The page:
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Journal of Nanomaterials
Volume 2015, Article ID 908585, 10 pages
http://dx.doi.org/10.1155/2015/908585
Research Article

Interfacial Interactions and Nanostructure Changes in DPPG/HD Monolayer at the Air/Water Interface

1College of Physics and Information Technology, Shaanxi Normal University, Chang-an Street No. 199, Xi’an 710062, China
2College of Science, Xi’an University of Science and Technology, Yanta Road No. 58, Xi’an 710054, China

Received 8 September 2015; Accepted 7 October 2015

Academic Editor: Jun Chen

Copyright © 2015 Huaze Zhu et al. This is an open access article distributed under the Creative Commons Attribution License, which permits unrestricted use, distribution, and reproduction in any medium, provided the original work is properly cited.

Abstract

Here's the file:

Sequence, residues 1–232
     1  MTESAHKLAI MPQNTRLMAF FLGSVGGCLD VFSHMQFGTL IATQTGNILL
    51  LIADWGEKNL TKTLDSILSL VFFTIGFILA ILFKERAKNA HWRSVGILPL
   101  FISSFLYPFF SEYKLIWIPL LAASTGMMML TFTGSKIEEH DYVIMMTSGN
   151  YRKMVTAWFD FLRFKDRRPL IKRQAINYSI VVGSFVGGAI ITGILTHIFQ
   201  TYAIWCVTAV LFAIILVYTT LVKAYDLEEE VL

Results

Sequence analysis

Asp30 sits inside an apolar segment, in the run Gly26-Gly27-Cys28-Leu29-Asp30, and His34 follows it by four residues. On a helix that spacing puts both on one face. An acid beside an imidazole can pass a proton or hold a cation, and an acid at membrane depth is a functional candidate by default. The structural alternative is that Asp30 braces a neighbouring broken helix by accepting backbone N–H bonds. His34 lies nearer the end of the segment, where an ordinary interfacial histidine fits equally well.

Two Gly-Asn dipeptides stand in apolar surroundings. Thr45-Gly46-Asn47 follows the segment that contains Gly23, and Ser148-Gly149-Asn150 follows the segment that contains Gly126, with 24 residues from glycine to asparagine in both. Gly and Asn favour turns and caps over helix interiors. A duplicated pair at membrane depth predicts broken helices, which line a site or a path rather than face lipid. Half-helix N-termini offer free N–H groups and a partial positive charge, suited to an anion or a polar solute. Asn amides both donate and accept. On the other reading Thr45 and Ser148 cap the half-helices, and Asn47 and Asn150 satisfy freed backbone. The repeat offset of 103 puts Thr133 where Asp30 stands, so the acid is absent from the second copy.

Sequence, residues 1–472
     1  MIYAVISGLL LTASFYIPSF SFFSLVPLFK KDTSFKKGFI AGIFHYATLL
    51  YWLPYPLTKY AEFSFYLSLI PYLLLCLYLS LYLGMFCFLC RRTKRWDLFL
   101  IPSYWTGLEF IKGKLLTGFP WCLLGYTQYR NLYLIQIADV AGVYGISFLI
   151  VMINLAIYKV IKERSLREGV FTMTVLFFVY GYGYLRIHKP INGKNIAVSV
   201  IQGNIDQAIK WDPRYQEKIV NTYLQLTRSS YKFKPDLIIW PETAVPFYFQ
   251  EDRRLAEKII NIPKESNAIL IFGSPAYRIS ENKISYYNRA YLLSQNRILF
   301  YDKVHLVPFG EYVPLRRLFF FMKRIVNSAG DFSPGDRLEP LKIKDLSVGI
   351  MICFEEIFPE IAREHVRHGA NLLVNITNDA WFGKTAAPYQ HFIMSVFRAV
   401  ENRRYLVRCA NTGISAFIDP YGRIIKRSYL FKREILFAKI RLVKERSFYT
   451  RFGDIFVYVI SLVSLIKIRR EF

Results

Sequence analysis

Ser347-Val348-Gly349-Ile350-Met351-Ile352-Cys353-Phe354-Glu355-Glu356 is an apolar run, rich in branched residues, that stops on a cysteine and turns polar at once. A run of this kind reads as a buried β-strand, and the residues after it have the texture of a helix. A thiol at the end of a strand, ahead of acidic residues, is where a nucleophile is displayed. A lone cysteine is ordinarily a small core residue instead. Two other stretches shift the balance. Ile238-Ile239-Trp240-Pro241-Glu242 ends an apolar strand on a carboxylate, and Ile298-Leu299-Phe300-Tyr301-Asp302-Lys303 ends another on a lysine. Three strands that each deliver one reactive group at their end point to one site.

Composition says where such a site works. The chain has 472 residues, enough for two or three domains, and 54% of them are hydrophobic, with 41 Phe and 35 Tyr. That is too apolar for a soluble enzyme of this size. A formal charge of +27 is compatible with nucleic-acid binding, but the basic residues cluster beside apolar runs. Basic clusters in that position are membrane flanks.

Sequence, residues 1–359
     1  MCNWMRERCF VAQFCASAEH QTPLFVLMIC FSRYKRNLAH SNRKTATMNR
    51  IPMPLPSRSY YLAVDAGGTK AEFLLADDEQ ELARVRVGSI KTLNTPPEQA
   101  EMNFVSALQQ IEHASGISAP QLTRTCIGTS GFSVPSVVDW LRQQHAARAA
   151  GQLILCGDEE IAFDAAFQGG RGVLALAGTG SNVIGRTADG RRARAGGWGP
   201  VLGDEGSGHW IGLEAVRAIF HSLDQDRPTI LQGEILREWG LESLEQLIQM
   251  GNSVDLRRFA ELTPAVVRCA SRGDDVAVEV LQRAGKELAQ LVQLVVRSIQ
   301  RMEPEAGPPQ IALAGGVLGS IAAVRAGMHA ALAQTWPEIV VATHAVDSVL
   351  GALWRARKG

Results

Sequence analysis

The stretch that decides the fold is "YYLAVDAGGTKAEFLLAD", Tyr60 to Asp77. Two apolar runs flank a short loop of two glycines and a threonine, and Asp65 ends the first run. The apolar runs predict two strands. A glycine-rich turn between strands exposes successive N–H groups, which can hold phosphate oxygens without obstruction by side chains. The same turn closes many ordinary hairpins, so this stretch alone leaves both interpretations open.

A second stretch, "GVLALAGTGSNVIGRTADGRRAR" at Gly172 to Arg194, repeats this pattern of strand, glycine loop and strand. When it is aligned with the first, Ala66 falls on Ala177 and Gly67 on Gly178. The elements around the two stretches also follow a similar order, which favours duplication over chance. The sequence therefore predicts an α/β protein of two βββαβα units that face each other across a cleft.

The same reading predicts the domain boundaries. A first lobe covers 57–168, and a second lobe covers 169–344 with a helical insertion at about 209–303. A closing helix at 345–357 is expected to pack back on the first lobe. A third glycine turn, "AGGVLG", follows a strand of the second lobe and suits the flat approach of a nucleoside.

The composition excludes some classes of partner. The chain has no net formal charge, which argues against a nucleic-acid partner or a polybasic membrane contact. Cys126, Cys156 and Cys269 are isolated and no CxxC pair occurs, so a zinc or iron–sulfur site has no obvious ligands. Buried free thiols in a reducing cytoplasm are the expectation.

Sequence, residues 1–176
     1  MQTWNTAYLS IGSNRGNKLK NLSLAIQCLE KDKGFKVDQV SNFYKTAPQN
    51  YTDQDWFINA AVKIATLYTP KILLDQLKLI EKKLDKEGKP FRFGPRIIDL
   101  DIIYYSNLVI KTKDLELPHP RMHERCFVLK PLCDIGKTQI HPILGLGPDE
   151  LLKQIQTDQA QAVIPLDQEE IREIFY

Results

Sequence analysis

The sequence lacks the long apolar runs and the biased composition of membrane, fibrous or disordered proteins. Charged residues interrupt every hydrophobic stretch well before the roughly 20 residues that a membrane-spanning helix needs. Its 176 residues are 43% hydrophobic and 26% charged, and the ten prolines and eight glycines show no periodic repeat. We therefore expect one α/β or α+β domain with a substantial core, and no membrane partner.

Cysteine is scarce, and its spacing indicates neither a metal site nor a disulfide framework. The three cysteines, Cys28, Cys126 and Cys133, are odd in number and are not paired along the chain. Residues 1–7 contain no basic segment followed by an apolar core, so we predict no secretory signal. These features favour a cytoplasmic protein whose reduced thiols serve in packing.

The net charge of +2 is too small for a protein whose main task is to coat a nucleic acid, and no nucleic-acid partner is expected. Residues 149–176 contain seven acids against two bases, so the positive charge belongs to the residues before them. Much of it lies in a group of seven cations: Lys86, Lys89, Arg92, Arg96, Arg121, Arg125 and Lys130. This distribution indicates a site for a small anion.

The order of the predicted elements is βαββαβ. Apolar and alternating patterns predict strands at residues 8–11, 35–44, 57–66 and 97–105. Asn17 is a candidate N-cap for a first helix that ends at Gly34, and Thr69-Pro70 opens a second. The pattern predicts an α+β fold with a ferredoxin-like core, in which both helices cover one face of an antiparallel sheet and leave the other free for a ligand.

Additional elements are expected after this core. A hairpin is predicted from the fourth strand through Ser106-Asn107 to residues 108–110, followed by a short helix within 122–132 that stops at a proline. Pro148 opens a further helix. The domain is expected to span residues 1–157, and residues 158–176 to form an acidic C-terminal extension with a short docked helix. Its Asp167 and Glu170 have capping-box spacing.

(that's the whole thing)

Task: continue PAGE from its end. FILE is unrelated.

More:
Lung surfactant (LS) plays a crucial role in regulating surface tension during normal respiration cycles by decreasing the work associated with lung expansion and therefore decreases the metabolic energy consumed. Monolayer surfactant films composed of a mixture of phospholipids and spreading additives are of optional utility for applications in lung surfactant-based therapies. A simple, minimal model of such a lung surfactant system, composed of 1,2-dipalmitoyl-sn-glycero-3-[phosphor-rac-(1-gylcerol)] (DPPG) and hexadecanol (HD), was prepared, and the surface pressure-area (π-A) isotherms and nanostructure characteristics of the binary mixture were investigated at the air/water interface using a combination of Langmuir-Blodgett (LB) and atomic force microscopy (AFM) techniques. Based on the regular solution theory, the miscibility and stability of the two components in the monolayer were analyzed in terms of compression modulus () , excess Gibbs free energy () , activity coefficients (γ), and interaction parameter (ξ). The results of this paper provide valuable insight into basic thermodynamics and nanostructure of mixed DPPG/HD monolayers; it is helpful to understand the thermodynamic behavior of HD as spreading additive in LS monolayer with a view toward characterizing potential improvements to LS performance brought about by addition of HD to lung phospholipids.